Chile de Arbol: At a Glance
Chile de Arbol (pronounced ARE-bowl) is a small and potent Mexican chili pepper. Its name means “treelike,” and it is also known as “rat’s tail chili” or “bird’s beak chili.” A beautiful little red pepper, chile de arbol has a bright, clean heat, which enhances a dish’s existing flavors without overwhelming them.
Often used in Chinese, Mexican, Asian, and Southwestern cooking, chile de arbol has a smoky, slightly earthy flavor. It is often found in salsas, sauces, stews, soups, curries, and other dishes.
Chile de arbol retains its red color when dried. Because of their beauty, they are often used as decoration. You can find chile de arbol wreaths adorning homes in Mexico.
Chile de arbol is commonly available fresh, dried, or powdered. Some people substitute chile de arbol with cayenne, but there’s no true substitute for the real thing!
Cooking with Chile de Arbol
Not for the faint of heart, dried arbol chile peppers are quite hot, with about 30,000 Scoville units. Another way of saying this is that, on a scale of 1 to 10, chile de arbol is a 6 or 7. They make an excellent addition to chili, hot sauce, soup, curry, and other dishes where more heat is welcome. In Mexican food, chile de arbol pairs well with lime, tomatoes, rice, and meat.
In addition to traditional and modern Mexican cuisines, chile de arbol is a key ingredient in Thai curries. Some ways to use chile de arbol in your cooking include:
- Salsa: One popular table salsa calls for tomatillos, garlic, onion, and toasted chile de árbol. Other salsas, including our chile de arbol salsa, are tasty options as well.
- Curry: Substitute chile de arbol for peppers in traditional curry recipes, or try this red river curry, a spicy sauce made with chile de arbol, onions, garlic, spices, tomatoes, and a rich broth.
- Pepper mash: Ferment one part chile de arbol in three parts vinegar for several weeks to create a zingy hot sauce.
This variant of chili contains Vitamins A, C, and B, as well as iron, magnesium, niacin, riboflavin, and thiamine. They have no cholesterol or fat and are low-calorie, low-sodium, and high in fiber.
In addition to its culinary adaptations, chile de arbol has some medicinal applications. It is used to treat inflammation, relieve pain, improve cardiovascular health, aid digestion, and strengthen the body’s immune system.
Chile de Arbol: History and Origination
Chile de arbol means “tree chili” in Spanish. Its name comes from its thick, woody stem, which resembles a miniature tree trunk. Chile de arbol is closely related to the pico de pajaro and cayenne chilies. It originated in the Mexican states of Oaxaca and Jalisco.
The first evidence of chilies in Mexico dates back to 7500 B.C. Christopher Columbus brought chilies from Mexico to Spain during his travels, and Portuguese traders took them along the spice route to Asia. Diego Alvarez Chanca, a physician and scientist, wrote of chilies’ therapeutic and medicinal uses in 1494. Francisco Hernandez, a naturalist and member of the court of the King of Spain, documented the use of chile de arbol in his writings in 1570, when he was sent to the New World to study Mexican plants.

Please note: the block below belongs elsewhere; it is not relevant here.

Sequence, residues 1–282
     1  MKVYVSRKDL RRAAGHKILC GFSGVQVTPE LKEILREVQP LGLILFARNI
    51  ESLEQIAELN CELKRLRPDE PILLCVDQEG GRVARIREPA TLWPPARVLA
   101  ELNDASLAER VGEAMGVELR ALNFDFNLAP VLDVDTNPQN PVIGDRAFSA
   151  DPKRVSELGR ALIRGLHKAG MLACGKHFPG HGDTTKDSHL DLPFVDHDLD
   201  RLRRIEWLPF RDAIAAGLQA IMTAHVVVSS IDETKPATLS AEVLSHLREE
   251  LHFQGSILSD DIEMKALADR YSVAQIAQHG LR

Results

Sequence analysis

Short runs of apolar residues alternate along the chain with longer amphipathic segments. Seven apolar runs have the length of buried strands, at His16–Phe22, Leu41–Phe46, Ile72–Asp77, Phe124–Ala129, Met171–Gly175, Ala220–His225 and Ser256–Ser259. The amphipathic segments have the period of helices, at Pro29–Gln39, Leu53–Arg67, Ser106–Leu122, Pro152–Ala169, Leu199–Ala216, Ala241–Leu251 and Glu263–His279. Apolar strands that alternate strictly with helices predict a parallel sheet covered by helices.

Today, chilies can be found nearly everywhere in Mexican life. Wreaths of chile de arbol can be found hanging in Mexican households, where it is recognized as a warm welcome and sign of good fortune.
Cultivation of Chile de Arbol
Chile de arbol is grown around the world, and it is typically planted in the spring and harvested in the autumn. It is a hardy, easy-to-grow pepper plant.
The chile de arbol plant blooms best during the summer. It can grow up to 2 feet tall and matures after about 80–100 days. While it can withstand temperatures as low as 40 degrees Fahrenheit, it does best in full sun and dry, mild weather. In the beginning, the chilies are green, and then they turn a bright, deep red when they ripen. The fruits should be harvested as soon as they mature to ensure the best flavor and texture. Fresh chilies are typically 4 to 6 inches long.
Hot peppers such as chile de arbol contain a substance named “capsaicin,” which causes the pain receptors in your mouth to tell your brain that you’ve consumed something hot. Because birds cannot taste the heat of pepper seeds, they have helped spread the seeds across great distances.
About Our Chile de Arbol
Our chile de arbol comes from Mexico, where this pepper originated. These peppers grow in a number of Mexican states, including Aguascalientes, Jalisco, Nayarit, Oaxaca, Sinaloa, and Zacatecas.
Arbol chile is more than an icon of Mexican cuisine and culture; it is also the livelihood of hundreds of Mexican families who cultivate it for local and international consumption.